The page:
Bobbing for IRA Answers

Q: Are all Roth IRA distributions tax-free?
A: No. Only qualified Roth IRA distributions are tax-free for IRA owners.

Q: My brother was only 48 years old and passed away this year. His estate was the named beneficiary and I was told that the 5-year rule applies, what does that mean?
A: In this case, the 5-year rule requires that his IRA be fully distributed to his estate by December 31, 2022. An MGIRA strategy is not available.

Q: I missed my 60-day rollover deadline, what are my options to correct this error?
A: You have the option of trying to get a PLR or you may qualify for an automatic waiver – the IRS identified 11 reasons that will qualify you for an automatic waiver. (IRS Revenue Procedure 2016-47).

Q: Can I name my son as the primary beneficiary of my IRA instead of my new spouse?
A: Anyone or anything can be named as your IRA beneficiary. However, in general if you are legally married and name someone other than your spouse as your primary beneficiary of your IRA, or designate that a non-spouse receives more than 50% as a co-primary, your spouse may be required to agree to this arrangement and sign a waiver.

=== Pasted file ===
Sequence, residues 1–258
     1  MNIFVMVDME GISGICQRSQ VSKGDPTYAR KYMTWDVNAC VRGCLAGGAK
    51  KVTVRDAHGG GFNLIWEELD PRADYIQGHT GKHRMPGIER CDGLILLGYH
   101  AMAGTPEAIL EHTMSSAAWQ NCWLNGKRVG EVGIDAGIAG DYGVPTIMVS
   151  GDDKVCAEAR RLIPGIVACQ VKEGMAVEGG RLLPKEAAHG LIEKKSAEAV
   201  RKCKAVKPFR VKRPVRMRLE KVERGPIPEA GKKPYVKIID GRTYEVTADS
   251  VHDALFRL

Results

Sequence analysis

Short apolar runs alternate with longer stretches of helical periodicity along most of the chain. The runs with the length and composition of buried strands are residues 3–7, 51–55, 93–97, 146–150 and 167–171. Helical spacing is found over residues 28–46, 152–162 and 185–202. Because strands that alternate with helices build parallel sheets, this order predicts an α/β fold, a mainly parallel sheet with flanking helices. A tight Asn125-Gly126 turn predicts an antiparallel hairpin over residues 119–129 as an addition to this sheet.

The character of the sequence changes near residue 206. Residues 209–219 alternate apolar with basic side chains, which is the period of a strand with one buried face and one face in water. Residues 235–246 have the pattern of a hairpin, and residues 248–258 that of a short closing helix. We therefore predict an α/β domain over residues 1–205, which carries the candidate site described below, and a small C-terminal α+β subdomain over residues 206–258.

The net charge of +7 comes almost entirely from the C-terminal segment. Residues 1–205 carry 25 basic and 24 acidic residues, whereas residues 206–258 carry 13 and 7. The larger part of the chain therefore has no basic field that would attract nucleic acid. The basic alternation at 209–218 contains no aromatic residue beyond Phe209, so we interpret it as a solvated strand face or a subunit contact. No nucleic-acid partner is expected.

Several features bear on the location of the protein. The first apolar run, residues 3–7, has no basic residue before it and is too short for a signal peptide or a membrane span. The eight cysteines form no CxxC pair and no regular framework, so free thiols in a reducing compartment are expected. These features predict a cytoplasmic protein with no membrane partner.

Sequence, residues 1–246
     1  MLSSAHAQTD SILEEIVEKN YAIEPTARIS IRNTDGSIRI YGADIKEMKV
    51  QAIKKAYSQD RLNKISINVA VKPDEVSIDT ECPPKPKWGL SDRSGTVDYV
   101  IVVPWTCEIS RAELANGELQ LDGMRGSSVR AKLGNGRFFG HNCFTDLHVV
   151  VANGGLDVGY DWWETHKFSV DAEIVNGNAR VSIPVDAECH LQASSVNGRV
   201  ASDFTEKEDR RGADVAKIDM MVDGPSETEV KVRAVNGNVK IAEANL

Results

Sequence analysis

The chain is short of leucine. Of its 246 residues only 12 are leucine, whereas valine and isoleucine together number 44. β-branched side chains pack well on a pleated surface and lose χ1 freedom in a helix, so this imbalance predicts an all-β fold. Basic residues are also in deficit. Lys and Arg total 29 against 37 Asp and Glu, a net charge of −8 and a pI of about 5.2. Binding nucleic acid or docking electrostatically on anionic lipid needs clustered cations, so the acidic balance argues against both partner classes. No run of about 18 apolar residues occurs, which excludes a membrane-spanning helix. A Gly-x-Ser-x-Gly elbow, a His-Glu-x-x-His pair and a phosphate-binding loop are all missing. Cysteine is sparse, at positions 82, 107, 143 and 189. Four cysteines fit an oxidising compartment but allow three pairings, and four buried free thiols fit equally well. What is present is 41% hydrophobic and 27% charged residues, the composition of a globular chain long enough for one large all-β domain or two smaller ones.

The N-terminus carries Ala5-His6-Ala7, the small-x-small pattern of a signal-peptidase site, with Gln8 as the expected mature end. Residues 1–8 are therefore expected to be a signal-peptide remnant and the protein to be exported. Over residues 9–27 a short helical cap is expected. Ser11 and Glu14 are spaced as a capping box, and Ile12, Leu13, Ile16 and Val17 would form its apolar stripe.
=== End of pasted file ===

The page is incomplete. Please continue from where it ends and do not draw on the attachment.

More Updates

CRDS AND ROTH CONVERSIONS – ABUSE OF THE RULES?

The coronavirus-related distribution (CRD) rules for Roth conversions have a gaping hole. An “affected person” (as we have defined in previous blogs), is entitled under the CARES Act to withdraw up to $100,000 from their IRA or workplace retirement plan. A CRD avoids the 10% early distribution penalty for those under 59 1/2, can be

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Rolling Over an RMD

Like most people’s lives, the retirement world is upside down. This is made evident by a single statement: “Required minimum distributions (RMDs) can be rolled over.” Yes, that is the new normal—at least for this year. RMDs are considered the first money out of an IRA and workplace plan. Typically, these dollars are ineligible to

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Tapping Into Retirement Accounts If Not Directly Impacted By COVID-19

The recently-­‐enacted Coronavirus Aid, Relief, and  Economic Security Act (CARES  Act) signed by President Trump  on  March  27, 2020, allows  “qualified individuals” to take up  to  $100,000 of  penalty-­‐free IRA and company plan withdrawals during 2020. “Qualified individuals” include those who are (or whose family members are) sickened by the virus or who have virus-­‐related

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